The argument of Ali Abou Shadi, who had combined his role of Egyptian censor until 1996 with running excellent film festivals in Ismailiya and elsewhere, was crystal clear. For the artist, it is better to focus on one censor, one entity, rather than be allowed self-censorship where he or she will tend to exaggerate the censorship. With a good censor a deal can be struck; negotiations can be made. He had spent years fighting to defend the rights of song-writers and singers. Shadi believes that if amendments to the law go through in Egypt, all but eliminating censorship, far fiercer controls will replace the censor under pressure from increasingly militant Islamists. Some speakers were worried that a weak censor would overdo the censorship in order to protect his job but Shadi believed that self-censorship is more likely to lead to unnecessary caution.
Both in Morocco and Lebanon heavy metal musicians has been accused, absurdly, of Satanist rituals after rare incidents in which children of influential figures have died of drug overdoses. Mai Ghoussoub noted that after killing a down-and-out, the 18-year old David Palliser claimed in the U.S. that he was acting out the brutal lyrics of Eminem. In her critique of censorship Ghoussoub quotes Eminem: “Slap hips, support domestic violence. Beat your bitch’s ass while your kids stare in silence.”
And asked the conference to decide whether even this should really be banned, the implication being that banning is rarely the solution.
The issue of social censorship, particularly in the Middle East, was reflected in the Syrian Mohamed Malas’ haunting film, “The Passion,” in which a young woman’s love of singing first loses her daughter, then leads to a false accusation of adultery and, for her, a tragic and violent fate. However, there were also moments of humor.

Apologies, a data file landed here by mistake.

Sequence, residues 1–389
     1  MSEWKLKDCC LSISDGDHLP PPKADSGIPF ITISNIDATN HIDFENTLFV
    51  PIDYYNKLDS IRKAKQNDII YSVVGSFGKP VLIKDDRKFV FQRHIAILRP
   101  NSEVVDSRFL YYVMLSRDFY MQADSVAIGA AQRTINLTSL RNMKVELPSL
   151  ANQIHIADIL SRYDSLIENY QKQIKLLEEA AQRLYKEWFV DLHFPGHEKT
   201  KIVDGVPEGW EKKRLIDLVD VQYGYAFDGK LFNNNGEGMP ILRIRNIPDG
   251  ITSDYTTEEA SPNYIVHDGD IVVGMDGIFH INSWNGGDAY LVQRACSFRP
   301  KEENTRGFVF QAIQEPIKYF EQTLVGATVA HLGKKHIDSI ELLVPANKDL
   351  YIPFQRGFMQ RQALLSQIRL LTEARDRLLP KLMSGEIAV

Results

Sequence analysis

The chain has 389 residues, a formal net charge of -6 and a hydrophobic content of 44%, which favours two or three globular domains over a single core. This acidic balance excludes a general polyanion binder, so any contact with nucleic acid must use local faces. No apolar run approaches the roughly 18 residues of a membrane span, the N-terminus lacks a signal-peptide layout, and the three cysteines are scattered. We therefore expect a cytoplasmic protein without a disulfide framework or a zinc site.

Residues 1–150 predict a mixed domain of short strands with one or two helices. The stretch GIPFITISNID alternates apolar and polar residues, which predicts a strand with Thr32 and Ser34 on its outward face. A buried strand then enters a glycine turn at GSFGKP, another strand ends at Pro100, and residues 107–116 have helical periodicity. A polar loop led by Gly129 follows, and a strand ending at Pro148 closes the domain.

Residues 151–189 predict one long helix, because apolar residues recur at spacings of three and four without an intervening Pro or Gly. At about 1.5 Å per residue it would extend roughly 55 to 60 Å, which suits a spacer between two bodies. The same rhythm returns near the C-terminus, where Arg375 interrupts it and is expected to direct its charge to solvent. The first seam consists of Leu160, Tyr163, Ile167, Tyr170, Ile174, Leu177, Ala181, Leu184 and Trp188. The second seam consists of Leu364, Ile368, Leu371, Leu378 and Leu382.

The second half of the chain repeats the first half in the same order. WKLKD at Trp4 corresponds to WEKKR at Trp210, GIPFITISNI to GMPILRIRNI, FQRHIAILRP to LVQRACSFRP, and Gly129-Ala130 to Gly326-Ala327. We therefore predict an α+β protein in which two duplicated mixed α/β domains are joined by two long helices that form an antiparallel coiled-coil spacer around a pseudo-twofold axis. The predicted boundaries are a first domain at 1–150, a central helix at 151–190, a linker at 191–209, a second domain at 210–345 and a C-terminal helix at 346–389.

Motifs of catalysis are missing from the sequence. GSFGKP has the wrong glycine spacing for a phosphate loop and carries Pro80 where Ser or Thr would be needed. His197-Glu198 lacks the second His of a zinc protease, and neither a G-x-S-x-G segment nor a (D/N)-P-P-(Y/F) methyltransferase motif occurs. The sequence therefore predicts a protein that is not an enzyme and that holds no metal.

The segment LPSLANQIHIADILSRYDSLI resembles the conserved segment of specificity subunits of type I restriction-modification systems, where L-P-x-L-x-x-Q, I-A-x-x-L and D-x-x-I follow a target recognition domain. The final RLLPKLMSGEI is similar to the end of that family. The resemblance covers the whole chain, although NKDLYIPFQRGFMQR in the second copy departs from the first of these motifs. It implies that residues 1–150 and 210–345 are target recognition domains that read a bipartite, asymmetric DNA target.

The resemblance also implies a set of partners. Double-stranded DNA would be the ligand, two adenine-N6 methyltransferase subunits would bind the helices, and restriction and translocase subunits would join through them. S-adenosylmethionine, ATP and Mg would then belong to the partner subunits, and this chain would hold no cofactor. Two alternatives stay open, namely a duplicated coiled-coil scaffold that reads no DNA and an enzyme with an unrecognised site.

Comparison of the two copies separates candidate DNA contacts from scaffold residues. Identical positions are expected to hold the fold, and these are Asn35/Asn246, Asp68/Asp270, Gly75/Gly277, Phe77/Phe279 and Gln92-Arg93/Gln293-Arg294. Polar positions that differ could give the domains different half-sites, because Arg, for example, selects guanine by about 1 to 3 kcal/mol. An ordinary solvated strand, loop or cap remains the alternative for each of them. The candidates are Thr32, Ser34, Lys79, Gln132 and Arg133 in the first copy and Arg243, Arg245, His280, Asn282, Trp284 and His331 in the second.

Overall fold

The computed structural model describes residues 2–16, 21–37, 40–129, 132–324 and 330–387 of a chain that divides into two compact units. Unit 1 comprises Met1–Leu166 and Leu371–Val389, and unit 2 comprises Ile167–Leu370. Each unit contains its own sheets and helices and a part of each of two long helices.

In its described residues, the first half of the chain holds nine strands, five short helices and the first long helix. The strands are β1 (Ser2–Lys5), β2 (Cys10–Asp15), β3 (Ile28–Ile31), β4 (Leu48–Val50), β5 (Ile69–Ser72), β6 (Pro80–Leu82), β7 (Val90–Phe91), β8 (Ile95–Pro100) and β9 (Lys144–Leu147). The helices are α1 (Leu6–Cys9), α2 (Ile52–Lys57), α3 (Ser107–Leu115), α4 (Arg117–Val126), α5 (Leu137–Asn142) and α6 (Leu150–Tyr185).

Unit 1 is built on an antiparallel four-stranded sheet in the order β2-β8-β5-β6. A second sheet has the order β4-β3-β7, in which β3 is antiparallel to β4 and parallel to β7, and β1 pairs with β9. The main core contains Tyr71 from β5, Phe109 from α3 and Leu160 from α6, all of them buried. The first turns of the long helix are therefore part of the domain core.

The Bahraini singer Khaled ash-Shaikh has had many of his songs banned in Bahrain but told the conference, “When Sheikh Hamad met King Husayn, the latter noted that I was well-known in Jordan. “Yes,” replied the Bahraini ruler, “He sings nice songs which criticise the government. Do you want to hear them?”
In the 1920’s a representative of American Protestantism described jazz as “the accompaniment of the voodoo dancer, stimulating the half-crazed barbarian to the vilest deeds.” Black American music was manipulated – and its context misunderstood – by the white slave-owners who, explained the black-American rap historian Davey D, saw black soul music as merely quaint, failing to recognize its serious, secret and agonised message. Mai Ghoussoub noted that even at the height of her popularity Billie Holiday was forced to enter the theater by the servants’ entrance.
Although Western manipulation of Islamic societies since 9/11 is creating a reaction of intolerance, most speakers did not feel that this is where the long-term trouble lies. Lyrics created by independents have been bought up by the big corporations who now control output which they have generally dumbed down. Most speakers believed that the danger for modern musicians lies in the artist’s inability to challenge the power and the wealth of the big corporations and that here the world music industry may now be facing the most insidious period of all.
Trevor Mostyn is a writer and journalist on the Middle East and a founder of the Middle East Economic Digest (MEED). His last book, “Censorship in Islamic Societies,” was published by Saqi in 2002. He wrote this article for The Daily Star.
Silence is death – Censorship in the Arab world
31 October 2005